reStructuredText

All of the documentation for previous versions of msprime was written using the reStructuredText format (rST) which is the default for Python documentation. Because of this, all of the API docstrings (see the API Reference section) are written using rST. Converting these docstrings to Markdown would be a lot of work (and support from upstream tools for Markdown dosctrings is patchy), and so we need to use rST for this purpose for the forseeable future.

Some of the directives we use are only available in rST, and so these must be enclosed in eval-rst blocks like so:

```{eval-rst}
.. autoclass:: msprime.StandardCoalescent
```

Markdown

Everything besides API docstrings is written using MyST Markdown. This is a superset of common Markdown which enables executable Jupyter content to be included in the documentation. In particular, JupyterBook and MyST are built on top of Sphinx which allows us to do lots of cross-referencing.

Some useful links:

  • The MyST cheat sheet is a great resource.

  • The “Write Book Content” part of the Jupyter Book documentation has lots of helpful examples and links.

  • The MyST Syntax Guide is a good reference for the full syntax

  • Sphinx directives. Some of these will work with Jupyter Book, some won’t. There’s currently no comprehensive list of those that do. However, we tend to only use a small subset of the available directives, and you can usually get by following existing local examples.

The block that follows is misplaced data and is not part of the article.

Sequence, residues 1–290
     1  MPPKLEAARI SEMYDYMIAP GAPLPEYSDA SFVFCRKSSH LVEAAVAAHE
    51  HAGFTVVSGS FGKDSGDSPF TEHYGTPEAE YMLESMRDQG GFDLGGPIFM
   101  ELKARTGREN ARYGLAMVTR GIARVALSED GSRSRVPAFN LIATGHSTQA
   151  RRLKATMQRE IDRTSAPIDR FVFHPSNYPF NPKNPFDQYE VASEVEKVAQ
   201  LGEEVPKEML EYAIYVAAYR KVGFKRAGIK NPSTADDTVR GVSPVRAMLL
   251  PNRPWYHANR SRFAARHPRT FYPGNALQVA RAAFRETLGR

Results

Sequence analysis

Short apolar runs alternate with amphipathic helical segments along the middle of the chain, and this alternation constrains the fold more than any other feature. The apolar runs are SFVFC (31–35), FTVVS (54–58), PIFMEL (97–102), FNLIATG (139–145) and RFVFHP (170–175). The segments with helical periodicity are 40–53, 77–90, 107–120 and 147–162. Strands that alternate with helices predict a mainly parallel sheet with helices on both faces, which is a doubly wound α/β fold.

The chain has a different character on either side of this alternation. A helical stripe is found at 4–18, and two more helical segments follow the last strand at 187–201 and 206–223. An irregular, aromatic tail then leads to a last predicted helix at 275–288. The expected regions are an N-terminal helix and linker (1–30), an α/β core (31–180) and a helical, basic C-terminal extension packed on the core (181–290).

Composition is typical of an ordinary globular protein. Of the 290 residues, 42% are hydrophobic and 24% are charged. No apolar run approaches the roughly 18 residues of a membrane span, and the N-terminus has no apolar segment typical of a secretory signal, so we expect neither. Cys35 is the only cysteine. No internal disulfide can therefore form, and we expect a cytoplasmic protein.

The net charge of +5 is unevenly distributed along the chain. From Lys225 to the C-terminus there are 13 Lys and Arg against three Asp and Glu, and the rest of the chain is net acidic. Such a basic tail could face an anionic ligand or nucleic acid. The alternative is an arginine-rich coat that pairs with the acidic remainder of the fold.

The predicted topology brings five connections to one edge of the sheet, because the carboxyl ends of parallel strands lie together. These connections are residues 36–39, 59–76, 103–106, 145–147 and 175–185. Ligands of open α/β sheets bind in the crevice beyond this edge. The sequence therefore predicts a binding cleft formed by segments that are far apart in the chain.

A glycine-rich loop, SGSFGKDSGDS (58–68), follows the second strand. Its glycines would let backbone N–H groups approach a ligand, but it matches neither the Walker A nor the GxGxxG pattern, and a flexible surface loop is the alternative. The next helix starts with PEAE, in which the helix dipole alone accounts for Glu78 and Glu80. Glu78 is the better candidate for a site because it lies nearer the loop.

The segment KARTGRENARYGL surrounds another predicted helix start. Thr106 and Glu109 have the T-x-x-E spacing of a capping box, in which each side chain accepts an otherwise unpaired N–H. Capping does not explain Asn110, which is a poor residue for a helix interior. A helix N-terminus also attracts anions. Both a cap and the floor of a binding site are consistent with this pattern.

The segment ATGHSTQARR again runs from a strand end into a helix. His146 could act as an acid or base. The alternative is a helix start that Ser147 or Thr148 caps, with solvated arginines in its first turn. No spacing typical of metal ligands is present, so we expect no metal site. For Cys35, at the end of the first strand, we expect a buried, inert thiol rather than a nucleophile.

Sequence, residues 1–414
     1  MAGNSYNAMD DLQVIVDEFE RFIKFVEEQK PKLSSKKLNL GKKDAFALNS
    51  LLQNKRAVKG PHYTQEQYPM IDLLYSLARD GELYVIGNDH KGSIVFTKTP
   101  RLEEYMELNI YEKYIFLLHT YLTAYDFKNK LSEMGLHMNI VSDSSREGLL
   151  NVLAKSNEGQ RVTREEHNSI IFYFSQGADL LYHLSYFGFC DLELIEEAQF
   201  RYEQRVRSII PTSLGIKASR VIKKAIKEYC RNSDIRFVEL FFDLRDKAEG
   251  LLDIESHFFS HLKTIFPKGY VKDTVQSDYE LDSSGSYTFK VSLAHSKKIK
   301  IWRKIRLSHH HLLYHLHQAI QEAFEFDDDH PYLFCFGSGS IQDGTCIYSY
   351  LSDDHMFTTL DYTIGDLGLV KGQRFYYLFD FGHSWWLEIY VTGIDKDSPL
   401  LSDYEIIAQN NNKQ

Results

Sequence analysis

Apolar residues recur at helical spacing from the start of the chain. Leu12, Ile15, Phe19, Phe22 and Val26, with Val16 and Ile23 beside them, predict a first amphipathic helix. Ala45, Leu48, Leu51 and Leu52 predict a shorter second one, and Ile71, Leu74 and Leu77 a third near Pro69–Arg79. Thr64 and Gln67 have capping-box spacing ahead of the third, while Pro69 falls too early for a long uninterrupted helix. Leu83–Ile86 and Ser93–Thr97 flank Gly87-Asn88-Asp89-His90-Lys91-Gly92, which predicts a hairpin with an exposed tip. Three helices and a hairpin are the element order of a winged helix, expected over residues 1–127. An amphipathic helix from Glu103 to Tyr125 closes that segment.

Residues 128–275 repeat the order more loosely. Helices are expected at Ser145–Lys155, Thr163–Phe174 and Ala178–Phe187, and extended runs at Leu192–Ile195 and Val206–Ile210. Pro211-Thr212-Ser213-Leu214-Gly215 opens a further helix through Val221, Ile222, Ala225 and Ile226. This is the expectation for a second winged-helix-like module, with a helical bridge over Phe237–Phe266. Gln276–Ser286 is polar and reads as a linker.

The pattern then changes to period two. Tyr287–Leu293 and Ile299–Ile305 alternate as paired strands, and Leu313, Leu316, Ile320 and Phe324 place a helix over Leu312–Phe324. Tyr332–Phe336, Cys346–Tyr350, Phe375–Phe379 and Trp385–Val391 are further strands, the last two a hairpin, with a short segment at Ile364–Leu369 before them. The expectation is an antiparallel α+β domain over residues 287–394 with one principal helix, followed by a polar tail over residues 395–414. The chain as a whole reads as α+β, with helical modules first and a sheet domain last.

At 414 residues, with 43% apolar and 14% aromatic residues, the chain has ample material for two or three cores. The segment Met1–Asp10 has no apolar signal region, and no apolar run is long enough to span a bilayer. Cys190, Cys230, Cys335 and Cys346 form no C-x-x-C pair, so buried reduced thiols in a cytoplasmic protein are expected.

• The types of source files section in the Jupyter Book documentation is useful reference for mixing and matching Markdown and rST like we’re doing.

API Reference

API reference documentation is provided by docstrings in the source code. These docstrings are written using reStructuredText and Sphinx.

Docstrings should be concise and precise. Examples should not be provided directly in the docstrings, but each significant parameter (e.g.) in a function should have links to the corresponding examples section.

Todo

Provide an example of a well-documented docstring with links to an examples section. We should use one of the simpler functions as an example of this.

Examples

The API reference documentation is gives precise formal information about how to use a particular function of class. The rest of the manual should provide the discussion and examples needed to contextualise this information and help users to orient themselves. The examples section for a given feature (e.g., function parameter) should: